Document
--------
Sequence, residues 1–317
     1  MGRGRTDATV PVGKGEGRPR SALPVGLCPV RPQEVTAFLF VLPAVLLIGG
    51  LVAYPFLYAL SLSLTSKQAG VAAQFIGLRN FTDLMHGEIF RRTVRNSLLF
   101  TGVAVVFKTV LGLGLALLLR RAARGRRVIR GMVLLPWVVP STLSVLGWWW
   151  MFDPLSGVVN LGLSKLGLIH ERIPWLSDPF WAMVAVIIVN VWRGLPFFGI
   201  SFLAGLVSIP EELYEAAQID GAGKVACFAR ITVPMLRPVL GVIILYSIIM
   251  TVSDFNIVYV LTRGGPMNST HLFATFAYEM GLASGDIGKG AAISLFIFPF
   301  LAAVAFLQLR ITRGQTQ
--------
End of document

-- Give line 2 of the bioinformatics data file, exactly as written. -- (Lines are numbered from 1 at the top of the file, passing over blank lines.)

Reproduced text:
     1  MGRGRTDATV PVGKGEGRPR SALPVGLCPV RPQEVTAFLF VLPAVLLIGG